Enthusiasm vs. Experience
Alfred Whipple, 20, and Sidney-Crouch, 21, lived for most of their lives barely three-quarters of a mile apart in Ledyard, Connecticut. They attended the same one-room grammar school; they graduated together from the same high school. Last week they died together on a mountain only a few hundred miles from home.
It was while watching White Tower, a film depicting the ascent of an Alpine peak, that Alfred and Sidney first got bitten by the climbing bug. Their enthusiasm grew with the conquest of Everest, and they read everything they could find describing Hillary's historic expedition. Before long they had acquired a mass of learning on the lore of mountain climbing. Unfortunately it was all book learning.
Last week, when young Whipple and Crouch set out to scale New Hampshire's 4,000-foot Profile Mountain, they were making their maiden ascent. Their equipment was improvised and inadequate: hiking boots rather than climber's shoes, large nails instead of steel pitons, less than 100 feet of cheap rope. The tragic result was all but inevitable.
The two friends, who died of exposure and fatigue on the bleak mountainside soon after a rescue party came to their aid, were mourned together in a double funeral service. "They were good hikers," said a friend in farewell, "but not climbers. They had studied the theory of climbing, but theory could not be substituted for the experience."
Known as GA by its members, Gamblers Anonymous is the self-help organization of compulsive chance-takers. At a recent GA meeting in the basement of St. Mark's Lutheran Church in San Francisco some 30 gamblers seeking the cure met with their wives, an anthropologist from Stanford University and four prison probation officers.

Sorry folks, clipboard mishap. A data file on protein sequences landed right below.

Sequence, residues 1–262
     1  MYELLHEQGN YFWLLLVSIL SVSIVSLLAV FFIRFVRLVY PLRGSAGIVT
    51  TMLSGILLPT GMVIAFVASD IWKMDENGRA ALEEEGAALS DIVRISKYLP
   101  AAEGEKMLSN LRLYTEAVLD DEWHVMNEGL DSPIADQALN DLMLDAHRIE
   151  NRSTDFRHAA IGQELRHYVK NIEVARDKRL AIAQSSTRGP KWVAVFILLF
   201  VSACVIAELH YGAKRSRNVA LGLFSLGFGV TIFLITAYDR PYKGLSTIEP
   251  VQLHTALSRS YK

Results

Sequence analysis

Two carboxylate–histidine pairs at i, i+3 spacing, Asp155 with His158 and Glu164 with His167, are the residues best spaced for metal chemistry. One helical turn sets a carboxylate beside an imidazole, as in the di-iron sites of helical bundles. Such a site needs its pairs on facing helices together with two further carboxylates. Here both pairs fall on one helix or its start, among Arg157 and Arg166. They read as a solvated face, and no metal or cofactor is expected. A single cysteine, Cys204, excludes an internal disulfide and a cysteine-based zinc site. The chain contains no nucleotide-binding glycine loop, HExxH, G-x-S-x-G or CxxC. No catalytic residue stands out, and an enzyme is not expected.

The guests sat in stiff, high-backed chairs, 10 to a row, four rows in all. At the head of the room was a card table and sitting behind it was a man named Larry, the founder of the San Francisco chapter of GA. Larry introduced the visitors (the probation officers were invited by a GA named Joe who had served time in San Quentin for bad checks) and turned to the business at hand.
"The fellowship of Gamblers Anonymous is the outgrowth of a chance meeting between two men in 1957," said Larry. "These men had a truly baffling history of trouble and misery due to an obsession to gamble. They began to meet regularly and as the months passed neither returned to gambling. They concluded that in order to prevent a relapse it was necessary to bring about certain personality changes within themselves." The changes were brought about, Larry continued, when the two men enlisted other compulsive gamblers and adopted a program of interdependent help closely patterned after the successfully established Alcoholics Anonymous. Today GA has a membership of about 170, with five chapters in California and one in Las Vegas.
Perhaps, said Larry, it might be hard for a noncompulsive gambler, mildly acquainted with horse racing and Saturday night poker, to appreciate fully the work of Gamblers Anonymous. He would, therefore, call upon some of the gamblers and let their stories speak for themselves.